Pease sent New Boston Post a follow-up statement on the matter late this week.

“My comments have been called irresponsible,” Pease said in an email message. “However, I have only been representing what the folks of Dracut have been telling me. So, when Government statements and policies:

Create Panic. Shutter Businesses and tank the economy. Trample the Constitution, and no one says a word, who is being irresponsible?”

He also clarified his position on how people should be handling the virus.

“I believe in the common sense of the people (and businesses) of the Town (and Country),” Pease said (parentheses in original). “If you are sick, stay home, if someone in your household is sick, stay home, wash your hands, if you don’t want to shake hands no one will be offended. Common sense is sorely lacking today.”

“Many small businesses cannot survive a shutdown of more than a month,” he continued. “The wizards that are making these decisions don’t seem to realize this problem. Furthermore, what will happen if a Church wants to have an Easter Sunday service? Will everyone be forced to leave? I pray that some sense of normalcy is restored in the very near future.”

Andrew Beckwith, president of the Massachusetts Family Institute, said that the governor’s priorities in this situation are incorrect.

“The churches I’ve heard from are all doing the right thing in this crisis on their own initiative,”
he told New Boston Post in an email message. “It is really troubling, then, to see the MA Health Department nevertheless include church assemblies in their ban on gatherings of more than 25 people but carve out specific exemptions for, among other things, youth athletic events.  What message are we sending in a moment of international crisis when we say that sports are more important than corporate worship and prayer? We should trust the discretion of our faith leaders at least as much as coaches and avoid a disturbing and unnecessary violation of our cherished First Amendment rights.”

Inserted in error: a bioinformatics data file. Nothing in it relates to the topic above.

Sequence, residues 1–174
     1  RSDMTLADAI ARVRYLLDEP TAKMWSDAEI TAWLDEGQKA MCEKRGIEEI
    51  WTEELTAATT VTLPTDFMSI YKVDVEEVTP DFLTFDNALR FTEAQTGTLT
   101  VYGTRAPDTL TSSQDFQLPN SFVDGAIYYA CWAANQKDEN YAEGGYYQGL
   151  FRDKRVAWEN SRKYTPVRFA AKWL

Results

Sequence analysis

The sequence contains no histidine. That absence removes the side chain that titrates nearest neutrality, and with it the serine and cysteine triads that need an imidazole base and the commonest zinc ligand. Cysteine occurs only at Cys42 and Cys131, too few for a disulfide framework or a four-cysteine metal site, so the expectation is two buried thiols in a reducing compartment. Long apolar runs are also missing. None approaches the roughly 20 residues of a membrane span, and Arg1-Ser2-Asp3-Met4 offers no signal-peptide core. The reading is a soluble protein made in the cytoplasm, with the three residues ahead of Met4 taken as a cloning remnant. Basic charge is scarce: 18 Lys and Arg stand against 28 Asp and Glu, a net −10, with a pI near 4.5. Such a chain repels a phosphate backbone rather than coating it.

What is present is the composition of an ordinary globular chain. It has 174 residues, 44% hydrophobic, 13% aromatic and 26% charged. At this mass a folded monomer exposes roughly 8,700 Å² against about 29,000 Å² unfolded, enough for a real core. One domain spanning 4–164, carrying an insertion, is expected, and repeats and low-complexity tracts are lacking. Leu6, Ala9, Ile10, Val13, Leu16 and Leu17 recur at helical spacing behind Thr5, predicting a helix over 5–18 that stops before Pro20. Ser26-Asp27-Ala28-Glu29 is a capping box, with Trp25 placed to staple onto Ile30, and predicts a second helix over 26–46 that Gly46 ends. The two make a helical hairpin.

A spokesman for the Massachusetts Department of Health did not respond to New Boston Post’s request late this week to respond to Beckwith’s comment.

Baker also received criticism for the state’s decision to exempt abortion from the list of elective procedures now restricted by Massachusetts hospitals.

Writing for the pro-life web site Live Action, Caroline Novielli said that Massachusetts has its priorities wrong.

“Despite the fact that abortion is an ‘elective’ procedure’ — and one that ends an innocent human life — the abortion industry appears to have coordinated efforts with Massachusetts government officials to normalize abortion as an ‘essential’ procedure (as opposed to ‘non-essential’) during the COVID-19 pandemic,” she wrote.

Massachusetts Citizens for Life condemned the decision, as reported by New Boston Post on Wednesday, March 18.

“We were disheartened to learn that, upon Governor Baker’s approval, elective abortion will still be permitted in the coming weeks, even while other elective surgeries have been prohibited due to the coronavirus pandemic. Women’s health and safety should be our top priority now, as always. Risking exposure to the highly contagious disease during visits to abortion clinics not only puts our women at risk but their families and those of clinic workers as well. This is yet another indication that the once-popular abortion-rights mantra ‘safe, legal, and rare’ is a complete farce,” Massachusetts Citizens for Life said in a written statement.